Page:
Commenting on the fact that this is a small start-up, the pharma exec continues, “While at the moment they have only two generic breast cancer drugs, I believe this company will grow very quickly as it's the right model at the right time. This is a model that will engage patients, doctors, payers and governments. I believe it will also engage talented people who want to work for a more purposeful company.” He also feels that the current two generics could quickly turn into in-license and co-marketing deals from small to medium pharmaceutical companies, and eventually their own funded R&D arm. “Things could rapidly escalate when other players enter the market,” he says. “Some governments could even go down this path themselves - or even a rich philanthropist funding the initial in-license deals.” With this type of enthusiastic response from someone with many years in the pharma industry, it’s clear that FBM could have created a winning future formula.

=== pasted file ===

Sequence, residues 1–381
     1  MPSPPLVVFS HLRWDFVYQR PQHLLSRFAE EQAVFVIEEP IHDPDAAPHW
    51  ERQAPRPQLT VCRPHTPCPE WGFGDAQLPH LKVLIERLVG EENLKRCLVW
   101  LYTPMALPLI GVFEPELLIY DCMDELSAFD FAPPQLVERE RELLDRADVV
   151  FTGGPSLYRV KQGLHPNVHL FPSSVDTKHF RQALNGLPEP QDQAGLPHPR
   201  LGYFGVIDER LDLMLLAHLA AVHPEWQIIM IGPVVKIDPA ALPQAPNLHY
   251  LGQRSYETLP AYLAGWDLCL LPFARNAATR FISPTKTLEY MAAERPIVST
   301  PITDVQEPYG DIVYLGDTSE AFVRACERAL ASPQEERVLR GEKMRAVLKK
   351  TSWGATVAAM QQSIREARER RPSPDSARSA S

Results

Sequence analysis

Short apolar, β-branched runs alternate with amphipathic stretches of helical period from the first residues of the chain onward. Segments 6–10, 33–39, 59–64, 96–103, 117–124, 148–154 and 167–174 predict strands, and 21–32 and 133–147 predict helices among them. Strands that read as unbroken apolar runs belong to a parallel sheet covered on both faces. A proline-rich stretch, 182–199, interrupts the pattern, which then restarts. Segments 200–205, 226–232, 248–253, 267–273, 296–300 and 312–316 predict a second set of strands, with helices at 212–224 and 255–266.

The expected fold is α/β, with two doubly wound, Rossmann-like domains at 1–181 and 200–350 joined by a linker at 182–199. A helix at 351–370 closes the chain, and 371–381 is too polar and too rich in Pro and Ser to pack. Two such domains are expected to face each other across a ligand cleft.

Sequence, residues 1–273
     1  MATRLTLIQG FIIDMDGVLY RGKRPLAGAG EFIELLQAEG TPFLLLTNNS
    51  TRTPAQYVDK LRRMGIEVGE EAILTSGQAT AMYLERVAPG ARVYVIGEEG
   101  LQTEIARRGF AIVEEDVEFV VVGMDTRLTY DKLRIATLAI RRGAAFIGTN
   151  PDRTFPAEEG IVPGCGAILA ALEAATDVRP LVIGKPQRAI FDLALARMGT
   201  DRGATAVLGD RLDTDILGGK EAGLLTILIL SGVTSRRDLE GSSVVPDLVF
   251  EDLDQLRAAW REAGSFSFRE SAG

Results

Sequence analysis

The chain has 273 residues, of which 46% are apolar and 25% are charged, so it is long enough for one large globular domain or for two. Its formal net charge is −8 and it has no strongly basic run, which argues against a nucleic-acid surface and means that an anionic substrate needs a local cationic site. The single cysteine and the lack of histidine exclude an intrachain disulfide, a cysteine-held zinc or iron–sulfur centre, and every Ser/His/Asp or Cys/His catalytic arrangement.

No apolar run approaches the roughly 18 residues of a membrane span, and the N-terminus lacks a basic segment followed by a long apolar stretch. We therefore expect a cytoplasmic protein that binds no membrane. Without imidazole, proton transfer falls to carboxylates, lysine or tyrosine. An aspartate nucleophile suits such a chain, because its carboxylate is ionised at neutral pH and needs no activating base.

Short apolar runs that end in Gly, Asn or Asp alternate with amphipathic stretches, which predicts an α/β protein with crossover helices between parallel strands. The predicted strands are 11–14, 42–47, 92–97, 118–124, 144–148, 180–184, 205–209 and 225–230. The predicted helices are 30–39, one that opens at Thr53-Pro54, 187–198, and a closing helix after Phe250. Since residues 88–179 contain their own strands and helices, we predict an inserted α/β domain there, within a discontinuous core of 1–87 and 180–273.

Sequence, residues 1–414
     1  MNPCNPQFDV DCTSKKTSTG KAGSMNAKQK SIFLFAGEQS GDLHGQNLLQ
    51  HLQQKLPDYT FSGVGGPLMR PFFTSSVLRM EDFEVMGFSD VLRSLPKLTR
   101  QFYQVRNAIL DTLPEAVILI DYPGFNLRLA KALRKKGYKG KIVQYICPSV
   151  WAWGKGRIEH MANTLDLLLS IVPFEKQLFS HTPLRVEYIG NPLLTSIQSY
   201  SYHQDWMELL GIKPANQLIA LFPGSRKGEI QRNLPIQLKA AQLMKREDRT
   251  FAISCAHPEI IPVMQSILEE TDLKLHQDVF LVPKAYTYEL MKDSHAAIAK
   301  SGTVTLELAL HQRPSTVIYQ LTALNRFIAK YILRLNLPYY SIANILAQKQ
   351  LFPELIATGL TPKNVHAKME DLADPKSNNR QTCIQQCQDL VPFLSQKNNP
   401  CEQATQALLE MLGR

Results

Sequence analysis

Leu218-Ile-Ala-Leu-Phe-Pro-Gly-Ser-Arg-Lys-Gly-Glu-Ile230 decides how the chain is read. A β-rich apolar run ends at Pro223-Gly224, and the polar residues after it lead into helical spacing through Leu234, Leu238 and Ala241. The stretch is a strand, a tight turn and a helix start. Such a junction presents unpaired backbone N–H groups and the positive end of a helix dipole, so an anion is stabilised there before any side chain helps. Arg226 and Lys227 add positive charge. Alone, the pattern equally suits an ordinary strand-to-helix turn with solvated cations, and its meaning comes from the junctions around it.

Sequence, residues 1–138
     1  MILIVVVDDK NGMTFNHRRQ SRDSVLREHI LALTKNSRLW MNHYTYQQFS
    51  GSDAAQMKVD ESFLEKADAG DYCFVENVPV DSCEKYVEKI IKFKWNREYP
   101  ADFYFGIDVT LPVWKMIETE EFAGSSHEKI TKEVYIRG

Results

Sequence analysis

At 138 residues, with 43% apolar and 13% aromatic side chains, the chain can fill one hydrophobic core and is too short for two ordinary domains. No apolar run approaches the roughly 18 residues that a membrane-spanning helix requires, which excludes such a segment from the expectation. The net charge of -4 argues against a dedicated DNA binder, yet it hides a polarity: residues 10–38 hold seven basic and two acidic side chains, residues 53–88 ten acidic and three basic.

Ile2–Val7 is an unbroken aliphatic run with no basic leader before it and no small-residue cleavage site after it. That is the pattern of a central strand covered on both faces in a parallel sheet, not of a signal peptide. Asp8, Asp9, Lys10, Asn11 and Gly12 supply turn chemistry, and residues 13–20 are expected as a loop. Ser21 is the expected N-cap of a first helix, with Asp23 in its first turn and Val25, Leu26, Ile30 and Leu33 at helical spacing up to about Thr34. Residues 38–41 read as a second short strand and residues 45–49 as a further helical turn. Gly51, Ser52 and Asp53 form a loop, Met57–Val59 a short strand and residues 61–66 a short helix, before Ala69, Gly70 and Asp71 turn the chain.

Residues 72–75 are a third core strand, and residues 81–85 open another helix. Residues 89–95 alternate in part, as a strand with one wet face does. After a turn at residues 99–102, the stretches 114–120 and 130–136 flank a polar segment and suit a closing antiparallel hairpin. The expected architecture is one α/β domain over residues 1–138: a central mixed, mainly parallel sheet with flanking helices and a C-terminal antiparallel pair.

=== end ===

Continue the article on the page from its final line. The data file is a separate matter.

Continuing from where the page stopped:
Anticipated response to the new patient-centric model

Since FBM launched only at the end of November 2015, it is difficult for Frost to anticipate what the rest of the pharma industry will do. However, he welcomes the fact that other companies might follow their path, as he has always been passionate and committed to improving the lives of patients. He continues to feel strongly that the pharma industry needs to keep improving to deliver better patient value. Indeed, he questions whether, despite the word ‘patient centricity’ being discussed widely, any pharma company really fully embraces it? In order to succeed, he believes that pharma companies need the ability to link more closely to patients, to really understand their disease and the key issues they face every day. In his opinion, FBM achieves this, “and as the model progresses, we will have better insights to improve patient care.”